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Locating New Polyhedral Systems The first new polyhedron consists simply of one octahedron with a tetrahedron on two opposite sides (Fig. 9-8). The result, a The next candidate, the VE, is too familiar to warrant further description at this point. Twelve cuboctahedral vertices can be located around every point in the IVM, thereby embracing eight tetrahedra and six half octahedra.
Furthermore, higher-frequency versions of any of the above polyhedra—tetrahedron, octahedron, rhombohedron, and VE—can be easily located within the matrix, thus establishing the foundation for truncated polyhedra. Subtract a half octahedron from each of the six corners of a three-frequency octahedron to yield a symmetrical "truncated octahedron" with fourteen faces: six squares and eight regular hexagons (Fig. 9-9b). A "truncated tetrahedron," with four hexagons and four triangles, is left after a single-frequency tetrahedron is removed from each corner of a three-frequency tetrahedron (Fig. 9-9a). The same procedure applies to higher-frequency versions of any of the above shapes, as well as further truncations of truncated shapes. Such transformations can be plotted indefinitely. Duality and the IVM
We now introduce a new level of flexibility with the addition of a new set of vertices—in the exact center of each tetrahedron and octahedron. These new vertices are connected to the original IVM vertices, thereby introducing radial vectors into each of the original cells. Figure 9-10 shows a single octahedron and tetrahedron with these central nodes.
Angles The central angles of a tetrahedron is approximately 109° 28', exactly equal to the octahedron's dihedral angle. No longer surprised by such relationships, we go on to look inside the octahedron and note its central angle of 90 degrees, which is the surface angle of a cube. The octahedron's three body diagonals, or six radil, thus form the Polyhedra We now observe considerable expansion of our inventory of generated shapes. Starting with the most familiar, we isolate the minimum cube. Formed by a single tetrahedron embraced by four neighboring eighth-octahedral pyramids, or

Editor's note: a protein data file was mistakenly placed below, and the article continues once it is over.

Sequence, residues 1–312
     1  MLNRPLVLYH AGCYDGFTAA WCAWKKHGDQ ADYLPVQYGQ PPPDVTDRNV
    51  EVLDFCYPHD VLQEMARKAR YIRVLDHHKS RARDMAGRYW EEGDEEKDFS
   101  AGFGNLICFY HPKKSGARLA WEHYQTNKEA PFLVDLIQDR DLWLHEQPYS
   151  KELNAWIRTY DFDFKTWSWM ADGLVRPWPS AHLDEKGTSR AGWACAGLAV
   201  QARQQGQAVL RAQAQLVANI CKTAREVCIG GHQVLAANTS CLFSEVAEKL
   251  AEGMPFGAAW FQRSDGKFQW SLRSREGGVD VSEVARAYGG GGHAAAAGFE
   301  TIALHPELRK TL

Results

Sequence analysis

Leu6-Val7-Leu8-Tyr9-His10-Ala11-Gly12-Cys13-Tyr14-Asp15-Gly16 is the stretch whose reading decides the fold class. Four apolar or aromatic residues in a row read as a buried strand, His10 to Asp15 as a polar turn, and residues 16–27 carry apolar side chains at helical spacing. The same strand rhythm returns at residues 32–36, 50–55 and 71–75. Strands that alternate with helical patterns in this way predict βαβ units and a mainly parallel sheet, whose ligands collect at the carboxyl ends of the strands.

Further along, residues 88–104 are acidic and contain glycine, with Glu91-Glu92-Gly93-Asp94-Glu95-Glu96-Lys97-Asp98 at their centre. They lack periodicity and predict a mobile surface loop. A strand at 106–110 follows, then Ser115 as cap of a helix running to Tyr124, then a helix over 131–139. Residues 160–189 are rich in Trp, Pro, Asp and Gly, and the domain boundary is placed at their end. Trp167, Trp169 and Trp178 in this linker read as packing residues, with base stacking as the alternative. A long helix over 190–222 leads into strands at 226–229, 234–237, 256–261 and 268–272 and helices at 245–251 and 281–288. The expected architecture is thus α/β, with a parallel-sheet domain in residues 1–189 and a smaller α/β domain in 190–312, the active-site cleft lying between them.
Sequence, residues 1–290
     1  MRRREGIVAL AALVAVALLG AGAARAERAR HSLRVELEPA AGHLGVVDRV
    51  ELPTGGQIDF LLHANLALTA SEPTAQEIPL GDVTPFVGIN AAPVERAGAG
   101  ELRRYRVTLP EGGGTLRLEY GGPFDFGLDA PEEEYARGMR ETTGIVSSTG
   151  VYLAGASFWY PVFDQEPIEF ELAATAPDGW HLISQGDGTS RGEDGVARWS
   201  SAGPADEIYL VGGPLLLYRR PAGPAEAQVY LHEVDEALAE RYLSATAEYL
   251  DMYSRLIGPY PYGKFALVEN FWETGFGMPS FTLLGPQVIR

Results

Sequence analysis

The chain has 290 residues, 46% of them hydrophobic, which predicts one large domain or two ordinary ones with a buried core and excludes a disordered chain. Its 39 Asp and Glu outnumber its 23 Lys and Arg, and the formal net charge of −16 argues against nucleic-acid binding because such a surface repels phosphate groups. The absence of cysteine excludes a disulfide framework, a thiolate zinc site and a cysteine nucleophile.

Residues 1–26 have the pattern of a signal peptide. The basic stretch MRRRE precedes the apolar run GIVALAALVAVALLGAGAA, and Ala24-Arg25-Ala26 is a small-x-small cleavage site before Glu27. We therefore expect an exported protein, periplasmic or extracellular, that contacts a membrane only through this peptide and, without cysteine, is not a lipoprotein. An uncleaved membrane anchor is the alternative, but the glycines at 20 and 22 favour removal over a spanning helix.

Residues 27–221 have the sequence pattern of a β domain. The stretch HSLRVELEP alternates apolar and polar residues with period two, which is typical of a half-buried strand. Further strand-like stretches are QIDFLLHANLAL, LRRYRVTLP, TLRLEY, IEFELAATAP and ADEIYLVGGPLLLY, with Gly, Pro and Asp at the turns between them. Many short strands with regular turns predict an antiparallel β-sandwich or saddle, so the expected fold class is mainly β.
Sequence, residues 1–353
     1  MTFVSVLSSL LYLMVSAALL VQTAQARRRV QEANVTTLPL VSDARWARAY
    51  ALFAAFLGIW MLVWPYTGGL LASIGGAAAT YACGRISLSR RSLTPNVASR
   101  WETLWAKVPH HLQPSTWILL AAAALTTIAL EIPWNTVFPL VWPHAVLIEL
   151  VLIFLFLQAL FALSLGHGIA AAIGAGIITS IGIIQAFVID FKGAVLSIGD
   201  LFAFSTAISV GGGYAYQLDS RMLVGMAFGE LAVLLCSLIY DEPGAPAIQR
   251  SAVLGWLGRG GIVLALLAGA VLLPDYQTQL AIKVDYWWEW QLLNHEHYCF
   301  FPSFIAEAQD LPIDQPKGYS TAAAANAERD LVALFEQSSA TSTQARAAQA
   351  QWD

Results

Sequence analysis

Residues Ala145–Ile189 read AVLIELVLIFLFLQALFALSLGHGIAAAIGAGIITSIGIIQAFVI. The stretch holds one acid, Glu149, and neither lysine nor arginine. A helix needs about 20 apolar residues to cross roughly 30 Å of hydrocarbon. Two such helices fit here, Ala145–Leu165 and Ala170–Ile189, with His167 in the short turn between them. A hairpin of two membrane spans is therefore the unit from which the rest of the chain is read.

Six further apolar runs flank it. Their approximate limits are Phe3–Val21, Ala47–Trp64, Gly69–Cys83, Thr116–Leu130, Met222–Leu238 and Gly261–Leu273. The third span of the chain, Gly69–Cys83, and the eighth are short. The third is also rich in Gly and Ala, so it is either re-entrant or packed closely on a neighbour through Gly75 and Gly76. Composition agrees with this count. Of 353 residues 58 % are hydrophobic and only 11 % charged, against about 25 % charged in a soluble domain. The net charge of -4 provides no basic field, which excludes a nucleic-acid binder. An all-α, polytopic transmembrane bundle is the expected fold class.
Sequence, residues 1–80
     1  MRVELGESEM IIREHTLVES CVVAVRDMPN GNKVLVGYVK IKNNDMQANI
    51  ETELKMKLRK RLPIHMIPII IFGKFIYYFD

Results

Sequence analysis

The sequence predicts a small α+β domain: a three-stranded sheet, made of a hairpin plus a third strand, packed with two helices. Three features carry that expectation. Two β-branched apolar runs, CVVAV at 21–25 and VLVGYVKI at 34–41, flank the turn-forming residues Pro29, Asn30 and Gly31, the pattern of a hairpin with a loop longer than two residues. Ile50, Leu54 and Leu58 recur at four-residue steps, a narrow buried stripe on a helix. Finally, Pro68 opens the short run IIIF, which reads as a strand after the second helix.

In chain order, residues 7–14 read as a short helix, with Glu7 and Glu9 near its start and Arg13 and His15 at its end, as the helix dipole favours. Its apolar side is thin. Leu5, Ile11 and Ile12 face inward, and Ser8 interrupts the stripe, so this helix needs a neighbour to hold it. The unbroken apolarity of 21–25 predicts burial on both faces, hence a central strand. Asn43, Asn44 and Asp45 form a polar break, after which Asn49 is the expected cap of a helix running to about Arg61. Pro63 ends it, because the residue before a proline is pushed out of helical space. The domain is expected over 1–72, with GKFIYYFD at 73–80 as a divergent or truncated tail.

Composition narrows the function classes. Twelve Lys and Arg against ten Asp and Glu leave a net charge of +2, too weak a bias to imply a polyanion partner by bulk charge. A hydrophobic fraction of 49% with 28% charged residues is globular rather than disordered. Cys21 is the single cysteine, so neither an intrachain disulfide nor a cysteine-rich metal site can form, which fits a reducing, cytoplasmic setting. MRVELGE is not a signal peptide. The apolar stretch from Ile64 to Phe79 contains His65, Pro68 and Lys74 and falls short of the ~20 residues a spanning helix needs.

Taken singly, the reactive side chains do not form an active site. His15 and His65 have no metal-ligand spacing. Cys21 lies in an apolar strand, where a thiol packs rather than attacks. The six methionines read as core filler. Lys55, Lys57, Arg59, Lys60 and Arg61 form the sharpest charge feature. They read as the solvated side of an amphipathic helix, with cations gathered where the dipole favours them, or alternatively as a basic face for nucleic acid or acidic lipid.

Next, we embrace a single octahedron by eight quarter tetrahedra, thereby outlining the rhombic dodecahedron, whose twelve diamond faces have obtuse angles of 109° 28' and acute angles of 70° 32'—generated by the tetrahedral central angle and two adjacent axial angles, respectively. Its eight three-valent vertices are the centers of embracing tetrahedra, while its six four-valent vertices are the original octahedron vertices (Fig. 9-12). Once again, we observe the relationship of duality between the VE and rhombic dodecahedron. The former has fourteen faces (six four-sided and eight three-sided) corresponding to the four-valent vertices and three-valent vertices of the latter. Likewise, the twelve four-valent VE vertices line up with the twelve rhombic faces. (Refer to Fig. 4-12.)
Domain The duality between VE and rhombic dodecahedron illustrates the relationship of duality and domain. Having already seen that spheres in closest packing outline the vertices of the VE, we now turn our attention to the We now have an experiential basis for the VE—rhombic-dodecahedron duality. Twelve vectors emanate from any point in the IVM, locating the Returning to the IVM, we observe that four rhombic dodecahedra, or "spherics," come together at the center of each tetrahedron, such that the tetrahedron central angle becomes the obtuse surface angle of the spheric. In the same way, eight cubes meet at the center of each octahedron, as allowed by the shared 90-degree surface and central angles, respectively. For clarity, we shall refer to the new network, interconnecting the centers of all octahedral and tetrahedral cells, as IVM', and we can draw the following conclusion. If the vertices of a given polyhedron are located in the IVM, then that system's dual will be outlined by the IVM', and vice versa. Similarly, if a polyhedron is centered on a vertex of the IVM, its dual will be centered on a vertex in IVM'. For example, we recall our first case of duality: the vertices of the octahedron's dual, the cube, are supplied by octahedron centers, which are nodes of IVM'. This discovery leads us to another assumption. As truncation of our familiar polyhedra yields shapes contained within the IVM, the dual operation, stellation, should produce polyhedra outlined by IVM'. The assumption is valid: the additional IVM' vertices provide the loci for the vertices of stellated versions of these basic shapes. Actually, this observation is not new, for we have already seen that quarter-tetrahedral pyramids affixed to octahedron faces produce Fuller's spheric, or, in other words, that a degenerately stellated octahedron becomes a rhombic dodecahedron. The three-valent vertices of this diamond faceted shape are tetrahedron centers, by definition nodes of IVM'. |

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